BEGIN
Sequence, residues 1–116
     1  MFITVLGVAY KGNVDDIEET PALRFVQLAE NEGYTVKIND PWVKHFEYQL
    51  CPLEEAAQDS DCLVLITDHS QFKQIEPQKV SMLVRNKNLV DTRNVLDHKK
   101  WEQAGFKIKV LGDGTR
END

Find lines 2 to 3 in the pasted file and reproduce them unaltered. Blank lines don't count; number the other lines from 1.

     1  MFITVLGVAY KGNVDDIEET PALRFVQLAE NEGYTVKIND PWVKHFEYQL
    51  CPLEEAAQDS DCLVLITDHS QFKQIEPQKV SMLVRNKNLV DTRNVLDHKK